Fios acts in an advisory capacity to the Gaelic Activities Program (gap) at the Office of Gaelic Affairs, through the latter of which funding has been provided for TIP in communities like Sydney, Antigonish, New Glasgow and Halifax. Frances MacEachen manages this funding for the gap, through which she has had the opportunity to observe the same successes seen by MacLeod in Scotland, and by Reddy, MacDonald and others in Nova Scotia. "But much work needs to be done", MacEachen says, "to bring speakers to fluency and to build on what has really been a grassroots response to this exciting new methodology." Moreover, she points out, "there needs to be investment in planning methodology, intensive immersion opportunities for motivated learners, tutor training and development and support for community volunteers in organizing the classes - in short the development of a community-based learning system."

While funding is always a pressing issue when it comes to the growth of the TIP program and the Gaelic language, MacEachen is cognizant of the tremendous resources that already exist in the form of many committed individuals and community groups throughout the province. The Office of Gaelic Affairs has consistently found enthusiasm for the TIP program and the Gaelic language among young and middle-aged persons, and an equal enthusiasm among older individuals, particularly native speakers who feel vindicated in the enthusiasm that is now greeting the revival of the language that was repressed and stigmatized in their youth.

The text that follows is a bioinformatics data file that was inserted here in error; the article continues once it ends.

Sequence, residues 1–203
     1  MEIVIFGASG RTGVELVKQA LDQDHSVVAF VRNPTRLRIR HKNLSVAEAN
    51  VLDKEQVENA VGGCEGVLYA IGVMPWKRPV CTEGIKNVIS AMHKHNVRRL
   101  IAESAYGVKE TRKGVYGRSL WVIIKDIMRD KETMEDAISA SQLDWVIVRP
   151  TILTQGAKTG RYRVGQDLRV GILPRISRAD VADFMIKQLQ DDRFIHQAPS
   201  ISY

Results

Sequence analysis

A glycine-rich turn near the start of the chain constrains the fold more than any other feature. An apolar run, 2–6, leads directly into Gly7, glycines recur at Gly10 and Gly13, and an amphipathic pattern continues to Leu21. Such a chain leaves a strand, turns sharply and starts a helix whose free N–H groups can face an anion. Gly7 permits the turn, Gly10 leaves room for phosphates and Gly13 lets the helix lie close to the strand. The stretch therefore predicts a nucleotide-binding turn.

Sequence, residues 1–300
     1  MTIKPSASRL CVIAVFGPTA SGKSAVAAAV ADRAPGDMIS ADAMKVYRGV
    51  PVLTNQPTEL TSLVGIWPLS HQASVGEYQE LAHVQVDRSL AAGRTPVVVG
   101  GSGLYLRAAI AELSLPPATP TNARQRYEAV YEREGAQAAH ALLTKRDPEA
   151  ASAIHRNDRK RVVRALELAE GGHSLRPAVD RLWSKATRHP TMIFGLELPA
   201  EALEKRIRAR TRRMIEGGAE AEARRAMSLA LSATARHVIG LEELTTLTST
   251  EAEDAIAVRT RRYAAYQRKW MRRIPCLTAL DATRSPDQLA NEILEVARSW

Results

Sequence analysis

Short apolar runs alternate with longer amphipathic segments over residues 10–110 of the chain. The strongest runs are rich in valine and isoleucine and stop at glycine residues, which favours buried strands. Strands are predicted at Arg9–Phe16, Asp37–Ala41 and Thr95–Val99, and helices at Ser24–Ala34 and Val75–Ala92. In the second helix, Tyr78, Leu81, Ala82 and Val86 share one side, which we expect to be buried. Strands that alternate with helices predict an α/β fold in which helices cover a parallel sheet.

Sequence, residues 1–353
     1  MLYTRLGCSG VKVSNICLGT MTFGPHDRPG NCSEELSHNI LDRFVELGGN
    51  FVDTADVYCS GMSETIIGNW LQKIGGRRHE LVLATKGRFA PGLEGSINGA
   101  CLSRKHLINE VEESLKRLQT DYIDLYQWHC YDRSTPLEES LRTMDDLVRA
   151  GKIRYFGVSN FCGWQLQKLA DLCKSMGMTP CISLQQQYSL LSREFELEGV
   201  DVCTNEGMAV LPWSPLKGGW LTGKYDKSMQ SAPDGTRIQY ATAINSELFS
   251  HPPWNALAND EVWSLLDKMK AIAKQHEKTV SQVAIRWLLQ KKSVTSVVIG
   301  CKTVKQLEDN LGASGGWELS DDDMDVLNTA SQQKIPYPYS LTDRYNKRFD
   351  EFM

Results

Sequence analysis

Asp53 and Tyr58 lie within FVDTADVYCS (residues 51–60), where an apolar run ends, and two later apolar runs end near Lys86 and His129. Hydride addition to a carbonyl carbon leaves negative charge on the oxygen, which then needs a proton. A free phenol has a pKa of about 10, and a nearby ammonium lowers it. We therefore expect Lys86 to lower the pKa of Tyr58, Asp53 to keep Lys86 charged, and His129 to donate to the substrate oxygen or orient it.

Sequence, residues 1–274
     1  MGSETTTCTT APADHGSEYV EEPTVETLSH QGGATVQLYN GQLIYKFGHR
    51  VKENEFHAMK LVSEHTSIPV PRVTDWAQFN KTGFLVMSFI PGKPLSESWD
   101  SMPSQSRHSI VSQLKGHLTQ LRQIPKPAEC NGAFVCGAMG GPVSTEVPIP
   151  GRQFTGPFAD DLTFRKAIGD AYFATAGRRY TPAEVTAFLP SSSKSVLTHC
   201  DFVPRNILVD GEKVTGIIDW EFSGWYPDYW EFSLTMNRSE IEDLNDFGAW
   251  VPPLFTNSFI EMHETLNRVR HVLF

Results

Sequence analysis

"For these reasons," MacEachen says, "I think TIP can not only teach people Gaelic, but restore cultural pride and autonomy."